Gokhan Bacik and Umit Kurt
The significance of the Gulen Movement that has attracted the most scholarly attention is its development of certain networks that transcend national boundaries (West 2006, 284). More critical than its global presence as an institution is the Movement’s capacity to recognise local actors in extra-national contexts. The Movement is not chary of expanding its societal basis. Rather, it sees enlargement as a major networking strategy (Ozipek 2010). ‘Recruitment’ is not the adequate term for characterising the link between a social movement and people, for participation in such a movement takes place in various ways (Ebaugh 2009). (Creating alternative forms of participation is a serious indicator of the societal capacity of a social movement.)
How a movement activates the large masses beyond the recruited circle is also a vital area of study. The Gulen Movement is not recruitment based; rather, it lives freely with the unclear boundaries between itself and the relevant segments of any society. For example, in Madagascar, we observed that families are active parts of the Gulen schools’ administration. As local agents, they appropriate the mission of fulfilling certain official undertakings. Even the persuasion of other local people is to a large extent the work of these local participants. There is almost no boundary between the functionaries of the Movement (i.e. teachers and others sent from Turkey) and the local people. Similarly, the functionaries of the Movement are very disposed to learn about and participate in the local culture (Esposito and Yılmaz 2010). They accept the existing culture as it is and promote intercultural marriages .(1) In the end, the Movement’s activities become a complex process of trans-national interventions.
Bayram Balcı gives an account of how this transnational chain is created in the case of Tashkent, a Central Asian city. This account carefully inspects the Movement’s ability to form trans-national bonds:
Businessmen from a particular city in Turkey, for example Bursa, will decide to concentrate their efforts on a particular Central Asian city, for example Tashkent. Nurcu [the Gulen movement] (2) investment will then become important in Tashkent, and a kind of twinning between the two cities results. Nurcu group members are sent by the movement with the aim of making contact with important companies, bureaucrats and personalities in order to appraise local needs. They then invite some of these important personalities to Turkey. Some vakıf [foundation] and other Nurcu organizations receive them and show them the private schools and foundations of the cemaat [the Gulen community], without ever mentioning this word. Thanks to these contacts it then becomes easy to prepare the work in Central Asia. The network of important personalities established in Central Asia has been crucial for the community. With their help, the cemaat has been able to overcome the bureaucratic obstacles encountered by every foreigner working to invest there. After their arrival in each country, thanks to their contacts, the representatives of the cemaat are given permission to take over an old school and to transform it. The new school will remain under the control of the state, which helps to maintain it, paying for such things as gas, water and electricity. All the other expenses, for books, tables, computers, laboratories and so on, are met by the Turkish companies. (Balcı 2003, 154–5)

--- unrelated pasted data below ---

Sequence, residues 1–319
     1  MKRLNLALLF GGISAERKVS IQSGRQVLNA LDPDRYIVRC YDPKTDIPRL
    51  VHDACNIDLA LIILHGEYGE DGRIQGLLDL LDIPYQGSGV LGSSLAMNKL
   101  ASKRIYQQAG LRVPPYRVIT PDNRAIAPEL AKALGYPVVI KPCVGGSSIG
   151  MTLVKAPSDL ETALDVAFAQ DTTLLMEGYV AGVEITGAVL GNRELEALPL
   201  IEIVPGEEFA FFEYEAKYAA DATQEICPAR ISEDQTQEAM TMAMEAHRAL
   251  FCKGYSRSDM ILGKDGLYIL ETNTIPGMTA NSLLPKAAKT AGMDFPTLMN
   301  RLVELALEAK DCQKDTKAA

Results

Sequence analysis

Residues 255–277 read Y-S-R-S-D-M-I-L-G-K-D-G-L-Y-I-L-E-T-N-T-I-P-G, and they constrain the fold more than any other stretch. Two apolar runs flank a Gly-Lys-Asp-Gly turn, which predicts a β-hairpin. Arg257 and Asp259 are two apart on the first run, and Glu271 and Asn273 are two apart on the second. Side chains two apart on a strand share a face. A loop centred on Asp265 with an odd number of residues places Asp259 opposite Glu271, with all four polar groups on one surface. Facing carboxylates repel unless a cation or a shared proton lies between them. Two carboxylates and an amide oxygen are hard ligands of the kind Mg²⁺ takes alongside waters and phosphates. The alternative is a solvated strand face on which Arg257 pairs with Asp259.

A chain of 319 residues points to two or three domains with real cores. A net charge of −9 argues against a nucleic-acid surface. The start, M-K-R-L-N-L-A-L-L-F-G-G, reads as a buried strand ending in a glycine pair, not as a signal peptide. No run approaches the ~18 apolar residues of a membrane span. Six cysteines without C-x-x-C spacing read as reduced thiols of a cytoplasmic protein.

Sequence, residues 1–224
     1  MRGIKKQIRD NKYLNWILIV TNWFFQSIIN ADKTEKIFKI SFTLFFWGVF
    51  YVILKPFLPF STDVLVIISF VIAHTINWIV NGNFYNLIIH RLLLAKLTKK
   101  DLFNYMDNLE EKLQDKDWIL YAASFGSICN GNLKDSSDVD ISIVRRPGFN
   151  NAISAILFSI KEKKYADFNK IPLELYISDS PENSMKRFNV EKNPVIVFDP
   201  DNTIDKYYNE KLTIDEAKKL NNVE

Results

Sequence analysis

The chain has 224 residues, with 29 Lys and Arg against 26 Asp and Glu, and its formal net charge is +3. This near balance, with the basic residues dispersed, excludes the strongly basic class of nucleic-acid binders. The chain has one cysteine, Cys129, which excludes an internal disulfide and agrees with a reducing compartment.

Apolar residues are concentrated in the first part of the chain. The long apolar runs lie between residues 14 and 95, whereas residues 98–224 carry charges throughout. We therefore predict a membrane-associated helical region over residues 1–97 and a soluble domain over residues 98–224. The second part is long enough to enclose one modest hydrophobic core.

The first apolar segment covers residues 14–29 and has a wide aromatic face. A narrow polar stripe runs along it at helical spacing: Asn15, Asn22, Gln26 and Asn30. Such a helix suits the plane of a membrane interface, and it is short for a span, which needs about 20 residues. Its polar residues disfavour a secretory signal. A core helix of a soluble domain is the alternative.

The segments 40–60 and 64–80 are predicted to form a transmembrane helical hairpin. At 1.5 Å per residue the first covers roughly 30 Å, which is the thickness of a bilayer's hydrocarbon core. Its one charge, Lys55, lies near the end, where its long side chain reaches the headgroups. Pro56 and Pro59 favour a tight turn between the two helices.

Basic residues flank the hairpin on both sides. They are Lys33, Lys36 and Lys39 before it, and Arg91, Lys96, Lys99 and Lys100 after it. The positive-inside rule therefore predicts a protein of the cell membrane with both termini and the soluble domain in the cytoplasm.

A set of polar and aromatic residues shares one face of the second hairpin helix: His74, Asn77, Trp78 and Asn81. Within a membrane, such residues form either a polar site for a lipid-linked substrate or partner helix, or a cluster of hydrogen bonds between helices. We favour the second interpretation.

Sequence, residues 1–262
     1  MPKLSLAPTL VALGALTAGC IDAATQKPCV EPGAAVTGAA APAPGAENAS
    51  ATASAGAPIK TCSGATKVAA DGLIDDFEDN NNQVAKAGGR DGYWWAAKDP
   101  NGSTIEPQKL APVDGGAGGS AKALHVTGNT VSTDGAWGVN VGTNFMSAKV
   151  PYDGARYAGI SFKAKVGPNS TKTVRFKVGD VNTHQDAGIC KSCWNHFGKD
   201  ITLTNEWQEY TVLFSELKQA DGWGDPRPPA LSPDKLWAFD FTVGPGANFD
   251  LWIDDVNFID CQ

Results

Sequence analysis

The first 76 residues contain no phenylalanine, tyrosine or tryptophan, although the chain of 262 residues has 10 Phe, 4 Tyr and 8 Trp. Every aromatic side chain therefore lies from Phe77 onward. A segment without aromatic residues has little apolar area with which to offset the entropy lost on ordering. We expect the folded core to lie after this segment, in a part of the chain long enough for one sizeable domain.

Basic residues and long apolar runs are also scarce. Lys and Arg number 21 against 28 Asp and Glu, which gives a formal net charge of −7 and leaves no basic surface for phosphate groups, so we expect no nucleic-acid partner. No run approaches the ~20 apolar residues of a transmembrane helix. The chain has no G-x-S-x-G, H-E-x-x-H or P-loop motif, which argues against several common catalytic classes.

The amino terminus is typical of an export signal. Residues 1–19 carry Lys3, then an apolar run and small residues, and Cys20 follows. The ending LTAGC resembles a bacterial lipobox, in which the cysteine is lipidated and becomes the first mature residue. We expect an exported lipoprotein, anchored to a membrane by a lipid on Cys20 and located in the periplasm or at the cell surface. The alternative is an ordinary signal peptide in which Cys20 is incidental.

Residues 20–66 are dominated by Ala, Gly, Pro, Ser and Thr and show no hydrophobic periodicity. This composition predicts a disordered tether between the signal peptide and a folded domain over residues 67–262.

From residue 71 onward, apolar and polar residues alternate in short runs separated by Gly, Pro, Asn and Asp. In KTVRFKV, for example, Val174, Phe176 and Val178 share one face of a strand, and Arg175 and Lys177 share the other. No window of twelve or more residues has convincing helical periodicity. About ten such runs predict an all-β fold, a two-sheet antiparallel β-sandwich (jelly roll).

Balcı’s model typifies how the Movement leads its followers to aim for the trans-national goal. But the Movement has a variety of strategies beyond the ones he has observed. Balcı can be faulted for missing the societal aspect and for failing to note that the role of ‘important personalities’ may not be as critical in the less authoritarian countries as he deems. These concerns notwithstanding, Balcı gives a successful account of how the Movement acts in the complex process in which its trans-national interventions take effect. This process has demanding phases, such as the persuasion of people in Turkey to spend their money abroad, the persuasion of teachers to work abroad, the persuasion of the local (outside Turkey) people and the creation of effective structures of interaction through which the essentials of legitimacy and information are transmitted.
New Islamic movements and amodern networks. Culture and Religion, Vol. 12, No. 1, March 2011, pages: 21–37.
(1) Interview with Jenny Rajaoerison, 14 February 2010, Antananarivo, Madagascar.
Balcı, Bayram. 2003. Fethullah Gulen’s missionary schools in central Asia and their role in the spreading of Turkism and Islamism. Religion, State and Society 31, no. 2: 151 – 77.
Ebaugh, Rose H. 2009. The Gulen Movement: A sociological analysis of a civic movement rooted in Moderate Islam. 1st ed. New York: Springer.
Esposito, John L., and Ihsan Yılmaz. 2010. Islam and peacebuilding: Gulen Movement
initiatives. New York: Blue Dome Press.
Ozipek, Aydın. 2010. The Gulen Movement: ‘Cultivating’ a generation through education. Saarbrucken: LAP Lambert Academic Publishing.
West, W. Jefferson, II. 2006. Religion as dissident geopolitics? Geopolitical discussions within the recent publications of Fethullah Gulen. Geopolitics 11, no. 2: 280–99.Tags: Gulen Movement | Participation in the Gülen movement |
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